The Complicated Legacy of Liberia’s Ellen Johnson Sirleaf

Liberia’s Ellen Johnson Sirleaf was seen as bright-eyed and full of optimism, but also widely viewed as unflinching, and hailed as the country’s “Iron Lady” who shouldered the responsibility of a nation racked by years of brutal civil war.

Ellen Johnson Sirleaf was born in the nation’s capital Monrovia, Liberia in 1938, and politics ran her blood. She was the daughter of the first Indigenous Liberian to serve in the country’s legislature.

It’s important to mention that during this time there was a divide between the Indigenous population of Liberia and former slaves, called “Americo-Liberians” who had settled in Monrovia. The Americo-Liberians created a hierarchical society that suppressed the Indigenous population, denying them basic rights. Sirleaf was thrust into the middle of this divide.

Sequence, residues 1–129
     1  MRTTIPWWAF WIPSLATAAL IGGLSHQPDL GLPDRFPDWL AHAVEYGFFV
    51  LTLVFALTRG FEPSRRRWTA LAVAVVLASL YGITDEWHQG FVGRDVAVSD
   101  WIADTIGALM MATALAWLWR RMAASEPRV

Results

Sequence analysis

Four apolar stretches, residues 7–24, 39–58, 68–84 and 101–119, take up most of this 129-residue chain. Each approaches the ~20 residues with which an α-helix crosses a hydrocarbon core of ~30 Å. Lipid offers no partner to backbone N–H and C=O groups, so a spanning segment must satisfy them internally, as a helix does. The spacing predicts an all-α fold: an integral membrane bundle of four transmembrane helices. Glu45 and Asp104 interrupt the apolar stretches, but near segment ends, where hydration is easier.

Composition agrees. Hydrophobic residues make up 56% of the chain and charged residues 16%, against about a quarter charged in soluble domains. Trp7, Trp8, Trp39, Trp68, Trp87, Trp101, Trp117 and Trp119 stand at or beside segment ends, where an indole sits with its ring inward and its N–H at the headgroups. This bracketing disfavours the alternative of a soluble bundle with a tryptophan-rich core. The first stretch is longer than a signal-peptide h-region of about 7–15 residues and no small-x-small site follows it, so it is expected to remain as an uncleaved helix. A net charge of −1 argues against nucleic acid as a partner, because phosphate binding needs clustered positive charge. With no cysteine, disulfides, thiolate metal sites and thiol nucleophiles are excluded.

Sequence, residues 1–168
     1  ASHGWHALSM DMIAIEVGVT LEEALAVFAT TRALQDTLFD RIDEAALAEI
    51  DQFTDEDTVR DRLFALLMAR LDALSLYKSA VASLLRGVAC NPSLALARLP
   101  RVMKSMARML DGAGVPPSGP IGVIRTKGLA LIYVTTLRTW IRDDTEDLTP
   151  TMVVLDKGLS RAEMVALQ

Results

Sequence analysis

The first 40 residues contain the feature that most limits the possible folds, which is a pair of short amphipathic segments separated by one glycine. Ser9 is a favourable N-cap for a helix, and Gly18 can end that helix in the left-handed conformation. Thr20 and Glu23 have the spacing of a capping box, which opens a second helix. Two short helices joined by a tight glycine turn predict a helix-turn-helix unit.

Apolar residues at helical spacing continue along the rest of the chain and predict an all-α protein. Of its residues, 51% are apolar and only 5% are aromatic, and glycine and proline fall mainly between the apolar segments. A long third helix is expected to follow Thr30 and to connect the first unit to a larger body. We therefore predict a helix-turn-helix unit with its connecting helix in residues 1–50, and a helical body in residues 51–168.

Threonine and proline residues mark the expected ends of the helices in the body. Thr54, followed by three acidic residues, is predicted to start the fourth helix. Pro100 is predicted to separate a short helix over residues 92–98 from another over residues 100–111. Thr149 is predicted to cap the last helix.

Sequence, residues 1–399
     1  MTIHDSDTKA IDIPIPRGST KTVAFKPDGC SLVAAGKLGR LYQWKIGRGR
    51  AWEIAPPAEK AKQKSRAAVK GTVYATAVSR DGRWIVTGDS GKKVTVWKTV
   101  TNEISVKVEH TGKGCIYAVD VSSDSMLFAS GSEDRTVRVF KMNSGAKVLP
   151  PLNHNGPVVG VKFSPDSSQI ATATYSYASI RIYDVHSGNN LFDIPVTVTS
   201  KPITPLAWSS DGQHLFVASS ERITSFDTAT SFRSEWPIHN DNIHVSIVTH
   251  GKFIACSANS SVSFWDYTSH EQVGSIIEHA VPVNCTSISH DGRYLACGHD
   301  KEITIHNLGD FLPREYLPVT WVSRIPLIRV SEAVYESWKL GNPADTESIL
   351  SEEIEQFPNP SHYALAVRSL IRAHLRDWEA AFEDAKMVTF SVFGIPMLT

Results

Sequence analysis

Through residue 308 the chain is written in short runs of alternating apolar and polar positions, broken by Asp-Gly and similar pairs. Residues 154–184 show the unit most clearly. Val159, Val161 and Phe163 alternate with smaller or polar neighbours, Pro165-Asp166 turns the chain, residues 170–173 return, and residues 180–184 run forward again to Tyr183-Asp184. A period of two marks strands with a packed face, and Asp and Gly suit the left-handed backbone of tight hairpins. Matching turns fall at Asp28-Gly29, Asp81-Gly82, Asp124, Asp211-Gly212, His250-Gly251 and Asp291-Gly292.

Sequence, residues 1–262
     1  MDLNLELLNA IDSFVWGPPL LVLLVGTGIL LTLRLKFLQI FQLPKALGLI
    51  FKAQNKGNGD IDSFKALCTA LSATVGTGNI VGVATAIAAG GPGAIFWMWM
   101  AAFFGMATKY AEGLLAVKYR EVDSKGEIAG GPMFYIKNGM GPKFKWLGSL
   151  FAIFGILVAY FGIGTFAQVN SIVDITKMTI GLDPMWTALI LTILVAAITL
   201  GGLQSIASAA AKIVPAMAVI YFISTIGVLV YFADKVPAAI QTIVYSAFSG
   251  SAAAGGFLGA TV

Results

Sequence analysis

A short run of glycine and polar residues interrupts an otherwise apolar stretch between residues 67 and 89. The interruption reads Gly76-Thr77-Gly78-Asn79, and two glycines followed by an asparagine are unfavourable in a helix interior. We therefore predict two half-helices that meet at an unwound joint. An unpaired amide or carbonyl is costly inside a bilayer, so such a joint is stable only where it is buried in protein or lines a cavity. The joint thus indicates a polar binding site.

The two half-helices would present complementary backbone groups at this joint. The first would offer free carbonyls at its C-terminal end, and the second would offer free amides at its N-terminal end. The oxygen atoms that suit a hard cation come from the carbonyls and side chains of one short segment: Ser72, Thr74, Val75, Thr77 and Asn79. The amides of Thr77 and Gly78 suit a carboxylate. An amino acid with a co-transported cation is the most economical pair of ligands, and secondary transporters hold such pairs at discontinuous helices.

Ellen Johnson Sirleaf studied in the United States before returning to Liberia to begin her government career at the Treasury Department. In the early ‘70s, she worked as Assistant Finance Minister for then president William Tolbert.

Throughout the ‘70s, and despite her critiques of Tolbert’s policies, Sirleaf rose through the ranks to become the first woman Finance Minister in Liberia. But shortly after, violence would decimate the government.  

In 1980, President Tolbert and 27 other government officials were murdered in a coup, staged by military leader Samuel Doe, who would go on to become the first Indigenous leader of Liberia.

Sirleaf was one of four ministers who were spared. She later fled the country.

And there’s a lot more to Sirleaf’s story than the traditionally rosy Western media narrative. Watch this piece to find out more about her legacy.

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